The Brave and the Beautiful

May 10, 2010
Although the hospital room was rather large, the minute I opened my eyes I felt claustrophobic. Waking up was horrid. It was like I’d forget what had happened, and I would try to open my mouth to breathe, and nothing would happen. The worst though, was when I had something I wanted to communicate. I would try to speak and I knew what I was trying to say, so I was constantly frustrated with my mother for not understanding me. It was completely understandable that she needed me to write everything down. My speech had become a jumble of muffled sounds.
I wasn’t allowed to look at myself at first. I guess the doctor thought it would upset me.
When I was finally allowed to see a mirror I looked at myself and wrote on my pad of paper: “I’m not going to look like this forever, right”? I had cheeks bigger than a newborn baby. It looked like I had two tennis balls tucked into each side of my mouth. There were marks on each cheek that looked like little puncture wounds. My lips were dry and cracking, but when I opened my mouth, that’s when things got interesting. There was a big plastic splint in my mouth that looked like a mouth guard. Thick yellowing surgical bands held my mouth firmly in place. There was a tube in my nose to keep blood from draining into my stomach, making it virtually impossible to breathe.
The nurse came in with a cup of broth and a popsicle. She was very nice, all the nurses had been. I knew she probably hadn’t realized her mistake. I tried my best to smile at her, but as soon as she left my smile faded.
My mother then looked at me and said, “Maybe we can crush it up.” I swear that woman is psychic. I tried to somehow get this fruity frozen goodness into my mouth, but eventually I became frustrated and gave up. Appearing strong as my mother handed me a little plastic carton of apple juice was hard. I loathe apple juice, but it was the best thing ever in that moment. That first night in ICU was filled with sleep, only waking to push the button that would relieve my pain. The next day they moved me to the children’s wing. It was filled with equally nice nurses who were wonderful to me. One nurse made me special chocolate milkshakes that provided me with at least some nutrients. My friend Olivia came and visited me, bringing cards and pictures she had drawn for me. I never knew lying in a bed watching television could be so exhausting.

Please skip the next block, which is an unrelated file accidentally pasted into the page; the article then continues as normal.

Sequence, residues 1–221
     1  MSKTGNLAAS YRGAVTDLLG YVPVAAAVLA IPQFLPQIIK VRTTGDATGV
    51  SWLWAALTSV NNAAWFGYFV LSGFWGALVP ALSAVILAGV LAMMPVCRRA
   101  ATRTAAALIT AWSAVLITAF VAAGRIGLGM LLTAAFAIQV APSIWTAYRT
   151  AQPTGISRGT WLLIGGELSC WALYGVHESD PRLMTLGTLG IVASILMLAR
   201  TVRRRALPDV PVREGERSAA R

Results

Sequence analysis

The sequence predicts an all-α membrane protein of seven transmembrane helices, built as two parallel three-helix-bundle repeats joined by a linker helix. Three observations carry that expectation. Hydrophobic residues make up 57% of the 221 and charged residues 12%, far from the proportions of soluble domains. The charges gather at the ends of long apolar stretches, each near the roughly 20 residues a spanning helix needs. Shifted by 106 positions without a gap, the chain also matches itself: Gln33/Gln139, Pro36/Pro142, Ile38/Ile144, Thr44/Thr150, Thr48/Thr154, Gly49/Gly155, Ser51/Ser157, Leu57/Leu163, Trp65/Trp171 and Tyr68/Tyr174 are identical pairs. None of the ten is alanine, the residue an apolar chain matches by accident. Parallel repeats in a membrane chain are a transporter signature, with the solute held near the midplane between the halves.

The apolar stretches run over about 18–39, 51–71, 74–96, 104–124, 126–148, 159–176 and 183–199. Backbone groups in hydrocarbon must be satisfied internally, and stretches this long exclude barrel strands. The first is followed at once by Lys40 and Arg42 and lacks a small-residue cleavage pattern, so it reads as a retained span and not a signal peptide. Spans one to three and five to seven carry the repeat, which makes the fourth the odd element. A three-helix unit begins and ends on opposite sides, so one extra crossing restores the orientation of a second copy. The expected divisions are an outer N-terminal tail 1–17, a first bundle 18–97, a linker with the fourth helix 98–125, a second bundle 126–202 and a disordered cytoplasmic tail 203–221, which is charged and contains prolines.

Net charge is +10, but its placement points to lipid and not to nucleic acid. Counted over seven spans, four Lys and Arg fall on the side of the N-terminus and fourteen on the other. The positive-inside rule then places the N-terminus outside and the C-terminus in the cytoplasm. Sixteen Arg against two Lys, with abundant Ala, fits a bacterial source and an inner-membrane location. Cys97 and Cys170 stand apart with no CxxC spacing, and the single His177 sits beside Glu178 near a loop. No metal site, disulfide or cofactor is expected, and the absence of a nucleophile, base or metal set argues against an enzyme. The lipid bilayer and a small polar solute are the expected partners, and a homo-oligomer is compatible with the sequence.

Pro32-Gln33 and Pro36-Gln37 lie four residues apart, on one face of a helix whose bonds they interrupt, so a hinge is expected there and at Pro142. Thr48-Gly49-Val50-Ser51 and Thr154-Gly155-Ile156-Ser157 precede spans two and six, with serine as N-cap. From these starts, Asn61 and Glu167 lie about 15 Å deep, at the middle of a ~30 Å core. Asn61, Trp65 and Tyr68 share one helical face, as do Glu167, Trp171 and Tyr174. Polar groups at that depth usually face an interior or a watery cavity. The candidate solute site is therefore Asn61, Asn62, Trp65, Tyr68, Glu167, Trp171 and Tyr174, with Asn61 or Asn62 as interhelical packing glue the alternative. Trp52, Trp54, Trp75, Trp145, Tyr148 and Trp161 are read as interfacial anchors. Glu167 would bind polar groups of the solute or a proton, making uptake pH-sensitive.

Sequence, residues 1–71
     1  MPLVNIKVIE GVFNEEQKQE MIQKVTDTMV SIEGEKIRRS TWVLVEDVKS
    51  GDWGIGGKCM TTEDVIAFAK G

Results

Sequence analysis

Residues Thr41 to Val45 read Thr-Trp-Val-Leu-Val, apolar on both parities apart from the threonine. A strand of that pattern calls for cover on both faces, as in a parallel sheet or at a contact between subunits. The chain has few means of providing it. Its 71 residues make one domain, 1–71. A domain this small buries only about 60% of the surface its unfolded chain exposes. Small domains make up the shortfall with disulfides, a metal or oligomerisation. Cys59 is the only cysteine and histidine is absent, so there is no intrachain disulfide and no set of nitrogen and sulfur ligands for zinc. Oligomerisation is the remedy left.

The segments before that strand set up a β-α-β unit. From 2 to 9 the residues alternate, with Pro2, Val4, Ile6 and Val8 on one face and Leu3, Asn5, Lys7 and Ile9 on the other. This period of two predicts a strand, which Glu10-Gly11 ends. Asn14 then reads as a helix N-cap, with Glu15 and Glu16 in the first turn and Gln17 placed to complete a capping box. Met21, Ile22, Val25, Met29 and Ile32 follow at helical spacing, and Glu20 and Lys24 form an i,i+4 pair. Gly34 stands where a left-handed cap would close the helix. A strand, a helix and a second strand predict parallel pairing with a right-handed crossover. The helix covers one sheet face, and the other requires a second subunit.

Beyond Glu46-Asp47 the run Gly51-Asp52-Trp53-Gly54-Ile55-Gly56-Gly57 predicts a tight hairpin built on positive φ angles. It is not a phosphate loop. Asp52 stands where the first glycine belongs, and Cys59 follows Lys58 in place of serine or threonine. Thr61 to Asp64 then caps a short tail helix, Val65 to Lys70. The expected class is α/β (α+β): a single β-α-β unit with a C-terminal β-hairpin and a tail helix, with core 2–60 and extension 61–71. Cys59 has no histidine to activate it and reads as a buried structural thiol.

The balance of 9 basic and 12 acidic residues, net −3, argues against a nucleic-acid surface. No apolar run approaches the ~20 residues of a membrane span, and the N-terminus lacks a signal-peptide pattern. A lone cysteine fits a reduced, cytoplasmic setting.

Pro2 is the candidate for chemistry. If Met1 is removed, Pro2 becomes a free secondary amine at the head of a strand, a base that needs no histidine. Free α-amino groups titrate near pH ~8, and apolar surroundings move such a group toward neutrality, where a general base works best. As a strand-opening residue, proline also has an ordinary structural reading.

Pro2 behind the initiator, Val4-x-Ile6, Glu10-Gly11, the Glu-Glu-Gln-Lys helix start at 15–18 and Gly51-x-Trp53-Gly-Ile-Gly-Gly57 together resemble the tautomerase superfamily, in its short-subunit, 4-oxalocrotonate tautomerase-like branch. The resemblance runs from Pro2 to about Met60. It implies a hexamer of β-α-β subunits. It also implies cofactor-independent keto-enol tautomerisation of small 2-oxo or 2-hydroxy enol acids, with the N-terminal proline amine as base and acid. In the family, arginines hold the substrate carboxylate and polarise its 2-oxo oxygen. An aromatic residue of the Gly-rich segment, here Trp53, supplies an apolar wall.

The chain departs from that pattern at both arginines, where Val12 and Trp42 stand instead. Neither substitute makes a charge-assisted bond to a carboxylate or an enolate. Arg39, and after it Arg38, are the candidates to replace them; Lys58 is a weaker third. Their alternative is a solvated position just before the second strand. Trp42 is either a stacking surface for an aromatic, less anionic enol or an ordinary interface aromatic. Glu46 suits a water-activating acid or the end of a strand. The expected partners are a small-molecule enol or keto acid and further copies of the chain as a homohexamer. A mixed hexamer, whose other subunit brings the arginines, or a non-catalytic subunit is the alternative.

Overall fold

That night was when things went badly. I had a different nurse. It baffles me why this woman was ever allowed to work in the children’s wing. She was unpleasant and almost seemed hateful as she tended to me.
She brought me in a syringe of Tylenol with codeine and stated, “Here’s your medicine. You have to be able to take it orally or you won’t be allowed to leave.”
This didn’t seem to be a problem until I tasted it. It was the most bitter thing I had ever tasted. I instantly gagged, causing my jaw to shift slightly, sending me into instant pain. I began to cry as the nurse continued to try to squirt the vile liquid into my mouth. She stopped and began to walk out of the room, handing my mother the syringe as she left.
Her voice trailed after her, “I’ll let you try. There’s no other way for her to take it. If she can’t do it, she’s not leaving.”
My breathing became shallow, and I began to have a panic attack. My mother was trying to calm me down, but nothing was working. I couldn’t catch my breath. My nose was clogged with blood from the tube that had once been there, and my mouth was sewn shut.
I scrawled on the paper, “I can’t breathe. I’m scared.”